Anderson spent Thursday and Friday in Japan, getting his work visa, and Liz will do the same tomorrow and Tuesday. That involved taking a ferry from Pusan to Fukuoka, the riding a few buses to the Korean consulate (which was entirely painless), then lounging in an upscale hotel for the night, enjoying the complimentary breakfast buffet in the morning, and then picking up the visa and returning to Korea by ferry. Anderson managed to only ride the wrong bus twice (so much for those high school Japanese skills...), and squeezed in a visit to a very relaxing visit to Sumiyoshi Shrine, which was within walking distance from the hotel.

So, how did we get to Korea you might ask?

It was quite the journey: we left Kathmandu on Tuesday at 1pm, flew to Singapore, where we had a short layover but ate some tasty food and sampled some free high-quality whisky. Then onto Seoul, where we arrived at around 7 am on Wednesday. We found out that our second bag, which cost $2 and was cheap plastic, had effectively ripped open, but luckily nothing had fallen out and we were able to tape it back up. Then we took the 10am flight to Pusan, which took around an hour and gave us a great view of our new city and home. Pusan is situated right on the water, with a river running through the western part of the city, and has mountains on the side without the ocean. A beautiful natural setting without a doubt.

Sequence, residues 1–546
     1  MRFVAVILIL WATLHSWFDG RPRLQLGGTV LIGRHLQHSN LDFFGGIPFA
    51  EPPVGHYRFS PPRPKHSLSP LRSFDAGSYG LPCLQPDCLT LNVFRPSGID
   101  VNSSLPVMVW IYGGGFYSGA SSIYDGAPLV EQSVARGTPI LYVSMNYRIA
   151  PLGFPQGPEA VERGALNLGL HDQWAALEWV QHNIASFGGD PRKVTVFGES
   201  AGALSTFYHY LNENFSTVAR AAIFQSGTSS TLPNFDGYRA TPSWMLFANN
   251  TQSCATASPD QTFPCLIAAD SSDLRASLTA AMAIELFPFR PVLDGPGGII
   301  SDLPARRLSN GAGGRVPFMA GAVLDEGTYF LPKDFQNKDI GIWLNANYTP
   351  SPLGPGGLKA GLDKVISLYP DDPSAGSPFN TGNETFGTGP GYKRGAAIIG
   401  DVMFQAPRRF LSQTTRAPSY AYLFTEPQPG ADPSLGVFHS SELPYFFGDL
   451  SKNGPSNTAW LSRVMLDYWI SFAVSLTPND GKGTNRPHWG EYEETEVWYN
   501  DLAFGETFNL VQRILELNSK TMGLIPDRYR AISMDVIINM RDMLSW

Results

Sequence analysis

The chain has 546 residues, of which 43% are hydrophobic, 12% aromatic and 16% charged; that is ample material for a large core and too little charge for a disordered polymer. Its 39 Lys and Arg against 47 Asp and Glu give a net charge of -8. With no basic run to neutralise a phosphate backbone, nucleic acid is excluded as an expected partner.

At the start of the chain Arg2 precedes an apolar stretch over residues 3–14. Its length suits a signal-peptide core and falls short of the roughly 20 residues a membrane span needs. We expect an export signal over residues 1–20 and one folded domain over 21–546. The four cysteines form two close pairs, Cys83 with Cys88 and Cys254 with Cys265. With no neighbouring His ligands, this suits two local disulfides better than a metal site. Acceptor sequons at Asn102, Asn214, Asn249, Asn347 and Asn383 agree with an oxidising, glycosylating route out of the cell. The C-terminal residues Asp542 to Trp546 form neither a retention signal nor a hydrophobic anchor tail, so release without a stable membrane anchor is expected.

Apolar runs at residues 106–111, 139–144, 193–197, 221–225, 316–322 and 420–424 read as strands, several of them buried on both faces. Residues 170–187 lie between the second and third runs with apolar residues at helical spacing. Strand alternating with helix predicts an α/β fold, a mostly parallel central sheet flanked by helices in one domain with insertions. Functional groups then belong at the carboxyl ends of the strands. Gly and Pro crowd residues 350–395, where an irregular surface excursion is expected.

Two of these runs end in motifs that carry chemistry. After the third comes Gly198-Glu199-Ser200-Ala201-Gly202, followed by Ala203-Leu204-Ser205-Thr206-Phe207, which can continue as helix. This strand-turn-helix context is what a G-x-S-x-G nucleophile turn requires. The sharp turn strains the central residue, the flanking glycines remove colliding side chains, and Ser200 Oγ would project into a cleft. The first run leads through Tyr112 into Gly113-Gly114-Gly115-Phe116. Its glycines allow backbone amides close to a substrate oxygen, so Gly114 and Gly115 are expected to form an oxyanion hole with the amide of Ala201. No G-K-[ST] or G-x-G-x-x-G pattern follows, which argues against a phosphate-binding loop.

We were met at the airport by Kelly, our recruiter, who is even nicer in person than she sounds by email, and who is also our own age which is great, so we will be going out with her sometime soon. We headed straight to our school, though Liz got to call her family for a few minutes, and we got to talk to two of our nephews which hopefully made their day! Liz's mother got the "hi, mom, we're pulling up at the school now, but we love you and miss you, bye!" which we were and we do!